Hanna McEuen, self-titled CD
Hanna McEuen includes: Jaime Hanna (acoustic, electric, baritone guitars, mandolin, harmonica), and Jonathan McEuen (Acoustic, electric, resonator guitar, mandolin, banjo); and additional musicians include: Greg Morrow (drums), Glenn Worf (bass), Dan Dugmore (pedal steel guitar), Gordon Mote (piano, keyboards, B-3, organ), Kenny Greenberg (electric guitar), Gabe Witcher (fiddle tracks 3, 6, 7, 12), and Phil Salazar (fiddle on track 12)
Talk about history. This duo is first cousins who grew up playing music together in their shared hometown of Evergreen, Colorado. So, what, you say? Well, their mothers are twins (Rae and Kae) who both married founding members of the Nitty Gritty Dirt Band, Jeff Hanna and John McEuen. For the past 40 years, Jaime Hanna and Jonathan McEuen's fathers have been performing together.
Jonathan McEuen started performing at age 7 at his father's annual Rocky Mountain Opry show at Red Rocks. He continued performing with his father at bluegrass festivals, playing the lone electric guitar and singing, while fronting his own bands on the side. McEuen was drawn to learning acoustic guitar because of the influences of his years playing electric guitar with his father.
He nearly was chosen for the Britney and Kevin years of Mickey Mouse Club, but was denied because he couldn't tap dance. Hey, you still have your hair, right? And, you play damn well!
Jaime Hanna was originally a drummer. But, the movie Crossroads got him hooked on guitar, which he was obsessed with at age 14. After high school, he moved to Nashville. Dwight Yoakam's songs were a catalyst for Hanna's own burning desire to write songs. He then met Raul Malo, lead singer of The Mavericks, who became a songwriting partner. Eventually The Mavericks hired Hanna as their harmony, rhythm guitar, and percussionist.
In the meantime, Hanna and McEuen would get together as often as possible to play together, which at some points was as infrequent as an annual jam session. Then, in 2001, the elder Hanna and McEuen called upon Jaime and Jonathan to celebrate the 30th anniversary of the Nitty Gritty Dirt Band's release of Will The Circle Be Unbroken with the release of the third album in the series – Circle III. Jaime and Jonathan would record Lowlands for the album. The song took off, and the two were popping up all over late night talk show land, and they formed their own group together. They play well off of each other, and when you hear their music, you'll see what I mean.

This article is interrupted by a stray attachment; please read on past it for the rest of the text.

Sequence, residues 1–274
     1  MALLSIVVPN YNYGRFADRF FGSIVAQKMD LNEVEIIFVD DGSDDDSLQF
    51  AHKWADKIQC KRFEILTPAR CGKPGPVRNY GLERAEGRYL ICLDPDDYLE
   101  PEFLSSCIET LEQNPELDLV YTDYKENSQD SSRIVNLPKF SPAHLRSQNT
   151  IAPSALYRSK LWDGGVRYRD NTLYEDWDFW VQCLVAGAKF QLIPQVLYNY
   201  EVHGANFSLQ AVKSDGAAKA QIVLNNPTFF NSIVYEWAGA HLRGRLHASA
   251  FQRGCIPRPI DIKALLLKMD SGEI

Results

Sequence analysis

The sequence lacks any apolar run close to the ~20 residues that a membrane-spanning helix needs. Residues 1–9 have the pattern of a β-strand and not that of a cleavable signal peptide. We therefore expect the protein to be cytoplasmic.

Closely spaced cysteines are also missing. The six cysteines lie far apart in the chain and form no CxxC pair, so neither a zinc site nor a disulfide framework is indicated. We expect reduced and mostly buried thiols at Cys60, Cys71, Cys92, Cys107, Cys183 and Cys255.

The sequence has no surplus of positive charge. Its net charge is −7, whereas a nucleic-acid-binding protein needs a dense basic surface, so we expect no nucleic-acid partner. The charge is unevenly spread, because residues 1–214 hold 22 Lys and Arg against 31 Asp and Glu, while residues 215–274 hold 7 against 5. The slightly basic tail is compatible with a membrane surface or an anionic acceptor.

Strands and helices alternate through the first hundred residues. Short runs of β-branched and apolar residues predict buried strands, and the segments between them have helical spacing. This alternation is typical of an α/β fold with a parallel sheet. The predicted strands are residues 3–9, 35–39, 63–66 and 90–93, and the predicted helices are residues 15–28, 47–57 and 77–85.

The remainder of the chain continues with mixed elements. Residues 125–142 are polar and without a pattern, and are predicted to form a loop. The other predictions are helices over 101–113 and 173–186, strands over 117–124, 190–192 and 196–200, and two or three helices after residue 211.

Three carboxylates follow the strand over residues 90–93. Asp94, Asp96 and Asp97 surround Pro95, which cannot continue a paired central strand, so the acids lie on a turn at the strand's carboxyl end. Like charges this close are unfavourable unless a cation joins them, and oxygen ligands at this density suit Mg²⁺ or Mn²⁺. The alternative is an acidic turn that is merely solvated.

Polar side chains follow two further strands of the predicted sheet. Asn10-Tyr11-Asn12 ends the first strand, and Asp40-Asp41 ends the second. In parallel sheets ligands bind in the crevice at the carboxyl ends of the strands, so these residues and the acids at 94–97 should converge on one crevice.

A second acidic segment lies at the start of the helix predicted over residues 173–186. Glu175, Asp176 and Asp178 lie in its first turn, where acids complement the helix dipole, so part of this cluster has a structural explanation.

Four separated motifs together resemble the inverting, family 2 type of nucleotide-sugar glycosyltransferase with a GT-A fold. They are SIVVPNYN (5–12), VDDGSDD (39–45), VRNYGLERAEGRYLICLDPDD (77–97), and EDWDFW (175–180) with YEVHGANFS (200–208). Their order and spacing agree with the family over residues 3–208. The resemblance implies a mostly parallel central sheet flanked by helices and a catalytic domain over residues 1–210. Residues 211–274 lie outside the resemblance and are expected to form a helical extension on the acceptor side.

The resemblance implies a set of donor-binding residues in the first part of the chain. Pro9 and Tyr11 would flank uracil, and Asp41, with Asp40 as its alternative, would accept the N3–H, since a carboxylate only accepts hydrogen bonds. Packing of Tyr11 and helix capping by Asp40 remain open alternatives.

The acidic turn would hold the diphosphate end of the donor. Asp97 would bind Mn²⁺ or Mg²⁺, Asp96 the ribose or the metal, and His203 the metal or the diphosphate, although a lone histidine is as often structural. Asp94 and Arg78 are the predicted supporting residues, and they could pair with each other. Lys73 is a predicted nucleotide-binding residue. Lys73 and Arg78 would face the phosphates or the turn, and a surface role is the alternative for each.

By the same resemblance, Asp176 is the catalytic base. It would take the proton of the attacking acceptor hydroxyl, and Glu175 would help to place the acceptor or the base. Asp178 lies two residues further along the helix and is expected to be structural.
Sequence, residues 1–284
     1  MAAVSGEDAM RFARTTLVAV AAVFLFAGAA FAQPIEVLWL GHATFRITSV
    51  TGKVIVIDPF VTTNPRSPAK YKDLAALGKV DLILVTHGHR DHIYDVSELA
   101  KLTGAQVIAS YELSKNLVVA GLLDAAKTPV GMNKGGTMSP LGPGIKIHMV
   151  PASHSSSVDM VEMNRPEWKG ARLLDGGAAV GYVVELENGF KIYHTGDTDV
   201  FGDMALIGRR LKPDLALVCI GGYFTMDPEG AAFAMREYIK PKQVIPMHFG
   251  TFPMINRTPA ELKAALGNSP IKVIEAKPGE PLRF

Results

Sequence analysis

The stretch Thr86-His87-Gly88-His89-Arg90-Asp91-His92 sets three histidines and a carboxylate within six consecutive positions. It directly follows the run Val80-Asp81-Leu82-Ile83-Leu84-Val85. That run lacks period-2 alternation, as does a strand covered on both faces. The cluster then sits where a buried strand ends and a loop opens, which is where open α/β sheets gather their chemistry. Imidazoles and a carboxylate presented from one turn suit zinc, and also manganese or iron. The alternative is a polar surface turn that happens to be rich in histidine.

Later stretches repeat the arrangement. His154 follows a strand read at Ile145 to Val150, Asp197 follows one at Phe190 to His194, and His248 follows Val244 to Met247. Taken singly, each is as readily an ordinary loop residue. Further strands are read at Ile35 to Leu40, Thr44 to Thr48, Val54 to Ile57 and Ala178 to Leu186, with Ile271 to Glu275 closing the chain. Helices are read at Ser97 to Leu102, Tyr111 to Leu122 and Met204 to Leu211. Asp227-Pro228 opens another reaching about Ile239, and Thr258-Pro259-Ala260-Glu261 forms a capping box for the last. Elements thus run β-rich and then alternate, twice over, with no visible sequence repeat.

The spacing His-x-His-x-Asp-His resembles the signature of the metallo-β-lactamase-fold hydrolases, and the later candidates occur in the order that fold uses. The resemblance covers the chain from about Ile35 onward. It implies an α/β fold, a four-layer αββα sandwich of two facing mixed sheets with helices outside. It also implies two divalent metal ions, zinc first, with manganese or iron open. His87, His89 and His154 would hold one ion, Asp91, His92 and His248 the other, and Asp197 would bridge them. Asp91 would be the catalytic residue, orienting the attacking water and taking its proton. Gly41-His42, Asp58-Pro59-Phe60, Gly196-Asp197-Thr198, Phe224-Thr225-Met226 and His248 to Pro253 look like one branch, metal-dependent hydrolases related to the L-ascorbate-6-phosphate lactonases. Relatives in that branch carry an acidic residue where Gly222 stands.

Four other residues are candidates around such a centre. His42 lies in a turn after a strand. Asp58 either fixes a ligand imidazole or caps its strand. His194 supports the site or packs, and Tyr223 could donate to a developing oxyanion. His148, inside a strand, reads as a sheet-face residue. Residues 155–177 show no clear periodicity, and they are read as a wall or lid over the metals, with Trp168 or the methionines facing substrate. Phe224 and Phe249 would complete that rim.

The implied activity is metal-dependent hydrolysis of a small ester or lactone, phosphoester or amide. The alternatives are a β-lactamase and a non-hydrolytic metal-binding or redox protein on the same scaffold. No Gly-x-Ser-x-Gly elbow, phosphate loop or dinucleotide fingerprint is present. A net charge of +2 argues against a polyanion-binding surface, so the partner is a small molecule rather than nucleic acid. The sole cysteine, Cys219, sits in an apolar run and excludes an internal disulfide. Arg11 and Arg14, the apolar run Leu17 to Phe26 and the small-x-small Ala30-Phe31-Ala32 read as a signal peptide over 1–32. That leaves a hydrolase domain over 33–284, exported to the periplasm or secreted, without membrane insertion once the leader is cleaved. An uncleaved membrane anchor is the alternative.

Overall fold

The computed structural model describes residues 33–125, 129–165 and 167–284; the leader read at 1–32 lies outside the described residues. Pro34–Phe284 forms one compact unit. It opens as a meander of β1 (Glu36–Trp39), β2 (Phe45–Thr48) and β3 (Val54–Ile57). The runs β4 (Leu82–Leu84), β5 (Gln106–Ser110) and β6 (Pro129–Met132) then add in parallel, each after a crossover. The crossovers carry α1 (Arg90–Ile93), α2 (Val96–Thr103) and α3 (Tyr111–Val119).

There's something special about the younger Hanna and McEuen. While they look like they were plucked right out of the 1950s, their music resonates. Their singing seems to touch a chord in a very strong, positive way. It's strikingly good and solid and pleasant. They are accomplished guitarists, and it's not just talk. The produced it on their own with James Stroud. Excellent work, great musicians used throughout the CD. I'm no country bumpkin or fan, for that matter. But, you drew me in on this one, guys.
Well-written lyrics. They say a lot without spelling it all out for me. I like that. There's great chemistry and balance between the two cousins in their music.
My favorites are Fool Around, End Of Me, and Rock And A Heartache. Here's the lowdown on a select handful:
Food Around, [Jaime Hanna, Alan Miller]
Nothing typical about this country song. They're good. You just need to listen to understand. And, that piano.
Read Between The Lies, [Jaime Hanna, Jonathan McEuen, Alan Miller]
They slow it up a bit here, because she's probably cheating; maybe that's why the girl is so distant and changing the subject. I'm all for giving musicians credit for their contributions, and generally it's underwhelming or overkill on the callouts. Here, they tell you who's playing that harmonica, and even that is special.
End Of Me, [Jaime Hanna, Dennis Britt, Alan Miller]
End of Me is catchy.
Rock And A Heartache, [Jaime Hanna, Dennis Britt, Alan Miller]
Different, catchy. Upbeat.